NERP TE Project 12.3 - Relative social and economic values of residents and tourists in the Wet Tropics World Heritage Area (JCU)

Project summary

The Wet Tropics World Heritage Area is famous for its wildlife, biodiversity and natural beauty, but none of these important assets are bought or sold in the market place, so none are explicitly ‘valued’ with a price. Recognising that absence of price does not mean absence of value, this project seeks to improve our understanding of the importance of these non-market ‘values’ to a variety of different stakeholders. How important is a beautiful view or a cassowary to the community, to tourists and to the tourism industry? How would people feel if there fewer (or more) opportunities to enjoy those beautiful views or to observe these charismatic birds?

The project will provide environmental managers throughout the world with an illustrated, easy to understand, means of assessing the importance of these types of non-market values to a variety of different stakeholder groups in World Heritage listed forests and other scenic environments.

Zoe Falls
Cassowary
 

Why we need this research

Today’s business leaders, managers and policy makers need information that helps them deal with complex problems affecting those living in and around World Heritage areas – be they in the Wet Tropics of Australia, or elsewhere. For example, they may need to answer questions such as:

  • Would residents be happier, and/or would more tourists come to the region if there were more opportunities to enjoy a region’s non-market values (e.g. provide more opportunities to enjoy beautiful views and/or interact with iconic species)?
  • What losses would different stakeholder groups suffer if development eroded some of the region’s values (e.g. if new roads affected aesthetic or biodiversity values)?
  • How are preferences and priorities for these non-market values likely to change in the future?

We do not have enough information to answer such questions in the WTWHA, and none of the currently available methods for attempting to measure non-market values in this manner are without flaws. This project will thus provide vitally important information that will help those in and around the WTWHA answer questions such at this. It will also help to improve methods for assessing non-market values (for use throughout the world).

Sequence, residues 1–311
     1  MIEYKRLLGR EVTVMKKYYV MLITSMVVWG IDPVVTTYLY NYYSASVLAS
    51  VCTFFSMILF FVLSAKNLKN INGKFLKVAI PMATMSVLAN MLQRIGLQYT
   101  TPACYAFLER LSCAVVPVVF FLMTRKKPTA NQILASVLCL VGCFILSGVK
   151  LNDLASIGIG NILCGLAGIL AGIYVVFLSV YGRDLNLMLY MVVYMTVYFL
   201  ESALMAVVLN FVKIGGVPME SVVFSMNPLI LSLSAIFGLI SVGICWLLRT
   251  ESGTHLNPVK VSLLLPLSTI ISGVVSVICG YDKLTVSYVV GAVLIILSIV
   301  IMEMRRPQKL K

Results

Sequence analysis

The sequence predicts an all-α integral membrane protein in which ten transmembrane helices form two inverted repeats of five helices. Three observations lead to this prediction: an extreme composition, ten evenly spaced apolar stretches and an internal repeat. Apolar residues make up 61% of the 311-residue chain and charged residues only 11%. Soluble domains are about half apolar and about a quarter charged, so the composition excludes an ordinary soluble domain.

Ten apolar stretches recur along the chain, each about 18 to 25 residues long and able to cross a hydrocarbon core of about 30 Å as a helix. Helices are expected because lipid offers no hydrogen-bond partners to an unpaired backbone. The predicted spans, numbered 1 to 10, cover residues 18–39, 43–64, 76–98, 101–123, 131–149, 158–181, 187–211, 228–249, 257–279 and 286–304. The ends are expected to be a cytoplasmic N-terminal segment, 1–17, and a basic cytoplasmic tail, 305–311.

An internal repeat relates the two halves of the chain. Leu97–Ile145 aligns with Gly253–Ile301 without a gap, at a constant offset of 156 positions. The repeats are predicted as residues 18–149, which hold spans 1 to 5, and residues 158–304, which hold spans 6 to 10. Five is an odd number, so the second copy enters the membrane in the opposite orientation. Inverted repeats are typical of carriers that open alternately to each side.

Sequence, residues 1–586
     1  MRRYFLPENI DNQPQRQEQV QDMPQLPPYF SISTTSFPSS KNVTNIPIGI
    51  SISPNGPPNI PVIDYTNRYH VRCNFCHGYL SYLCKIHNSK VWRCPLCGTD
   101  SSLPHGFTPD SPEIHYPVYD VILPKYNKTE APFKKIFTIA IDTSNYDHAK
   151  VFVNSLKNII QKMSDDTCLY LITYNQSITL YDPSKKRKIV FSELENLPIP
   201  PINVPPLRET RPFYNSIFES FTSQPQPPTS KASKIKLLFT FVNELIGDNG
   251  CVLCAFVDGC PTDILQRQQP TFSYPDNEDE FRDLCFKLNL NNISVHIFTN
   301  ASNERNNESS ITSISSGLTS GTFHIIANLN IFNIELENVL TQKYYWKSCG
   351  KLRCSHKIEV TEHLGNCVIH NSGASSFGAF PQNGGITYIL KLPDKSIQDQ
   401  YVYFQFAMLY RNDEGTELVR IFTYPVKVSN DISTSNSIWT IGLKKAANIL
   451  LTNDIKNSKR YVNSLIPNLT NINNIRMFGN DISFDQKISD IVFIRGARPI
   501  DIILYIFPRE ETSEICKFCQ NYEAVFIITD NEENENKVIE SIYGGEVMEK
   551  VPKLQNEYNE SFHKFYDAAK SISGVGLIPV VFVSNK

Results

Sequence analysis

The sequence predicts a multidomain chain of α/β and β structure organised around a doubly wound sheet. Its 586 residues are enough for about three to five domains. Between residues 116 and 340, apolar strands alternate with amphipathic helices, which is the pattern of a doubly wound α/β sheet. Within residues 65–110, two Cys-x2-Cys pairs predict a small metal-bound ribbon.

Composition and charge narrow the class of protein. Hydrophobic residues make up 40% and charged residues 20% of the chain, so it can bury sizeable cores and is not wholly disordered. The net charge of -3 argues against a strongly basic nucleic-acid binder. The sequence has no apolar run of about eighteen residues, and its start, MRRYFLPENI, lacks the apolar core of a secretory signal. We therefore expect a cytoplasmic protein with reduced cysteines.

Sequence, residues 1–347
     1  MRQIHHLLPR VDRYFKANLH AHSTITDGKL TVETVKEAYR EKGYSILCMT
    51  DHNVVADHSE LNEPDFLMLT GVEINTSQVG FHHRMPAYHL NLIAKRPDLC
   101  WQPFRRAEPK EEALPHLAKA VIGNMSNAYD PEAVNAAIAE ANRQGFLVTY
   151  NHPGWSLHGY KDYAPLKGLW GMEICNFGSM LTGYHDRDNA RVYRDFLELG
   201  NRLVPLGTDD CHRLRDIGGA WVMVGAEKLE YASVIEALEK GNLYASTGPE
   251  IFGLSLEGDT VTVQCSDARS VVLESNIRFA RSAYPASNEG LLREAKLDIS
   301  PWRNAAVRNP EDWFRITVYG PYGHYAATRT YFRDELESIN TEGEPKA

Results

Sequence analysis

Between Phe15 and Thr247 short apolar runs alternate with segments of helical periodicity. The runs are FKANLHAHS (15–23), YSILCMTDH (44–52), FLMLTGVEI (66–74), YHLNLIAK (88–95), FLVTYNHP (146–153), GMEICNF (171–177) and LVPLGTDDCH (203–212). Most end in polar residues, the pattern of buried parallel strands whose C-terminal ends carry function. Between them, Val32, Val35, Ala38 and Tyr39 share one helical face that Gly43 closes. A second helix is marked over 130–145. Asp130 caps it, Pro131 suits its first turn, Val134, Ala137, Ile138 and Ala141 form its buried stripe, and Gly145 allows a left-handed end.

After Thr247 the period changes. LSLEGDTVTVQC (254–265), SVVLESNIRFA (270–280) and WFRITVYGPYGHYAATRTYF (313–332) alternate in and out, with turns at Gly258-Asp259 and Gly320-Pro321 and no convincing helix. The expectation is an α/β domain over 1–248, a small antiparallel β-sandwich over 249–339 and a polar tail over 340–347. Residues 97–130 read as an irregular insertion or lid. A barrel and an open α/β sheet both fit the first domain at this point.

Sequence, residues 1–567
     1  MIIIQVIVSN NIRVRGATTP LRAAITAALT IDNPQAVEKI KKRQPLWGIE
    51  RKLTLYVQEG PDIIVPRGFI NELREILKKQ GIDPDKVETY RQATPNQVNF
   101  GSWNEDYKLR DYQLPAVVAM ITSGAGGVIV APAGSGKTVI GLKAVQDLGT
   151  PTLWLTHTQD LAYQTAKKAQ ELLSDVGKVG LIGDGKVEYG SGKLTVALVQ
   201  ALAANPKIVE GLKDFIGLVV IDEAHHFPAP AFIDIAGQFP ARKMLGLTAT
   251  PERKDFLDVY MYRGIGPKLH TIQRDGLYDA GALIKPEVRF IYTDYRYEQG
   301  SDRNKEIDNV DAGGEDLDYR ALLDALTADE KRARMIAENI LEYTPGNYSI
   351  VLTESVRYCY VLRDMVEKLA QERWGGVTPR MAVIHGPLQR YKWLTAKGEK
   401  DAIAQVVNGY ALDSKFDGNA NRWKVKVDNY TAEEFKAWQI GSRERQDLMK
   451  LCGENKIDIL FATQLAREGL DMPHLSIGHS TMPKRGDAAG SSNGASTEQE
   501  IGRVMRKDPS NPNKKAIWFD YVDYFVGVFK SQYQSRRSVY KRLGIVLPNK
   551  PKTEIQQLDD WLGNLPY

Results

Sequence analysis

Research user focus

The project will deliver outcomes that are useful to a range of stakeholders including local, state and Australian Government bodies, the tourism sector, conservation planners and academics. Identified research users include the Wet Tropics Management Authority, Terrain NRM, and Alliance for Sustainable Tourism.

Outcomes

This project will

  • Improve our understanding of the importance of many of the WTWHA’s non-market values to a variety of different stakeholder groups.
  • Increase the capacity of researchers, industry, agency managers and planners to assess non-market values associated with World Heritage Areas – in Australia’s Wet Tropics, and throughout the rest of the world.

Information generated from this project will thus provide a range of stakeholders including policy–makers, researchers and the tourism sector with the tools and the information needed to help assess conservation, management and marketing priorities and to make predictions about the way in which changes in population and tourist numbers might affect those priorities.

Reports, Publications and News

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For more information see Project 12.3 'Relative social and economic values of residents and tourists in the Wet Tropics World Heritage Area' on the NERP Tropical Ecosystems Hub site.

Photos

Datasets

Publication on
3 September 2014
The Wet Tropics World Heritage Area (WTWHA) is famous for its wildlife, biodiversity and natural beauty, but none of these important assets are bought or sold in the market place, so none are explicitly ‘valued’ with a price. Recognising that absence of price does not mean absence of value, this project seeks to improve our understanding of the importance of these non-market ‘values’ to a variety of different stakeholders. How important is a beautiful view or a cassowary to the community, to tourists and to the tourism industry?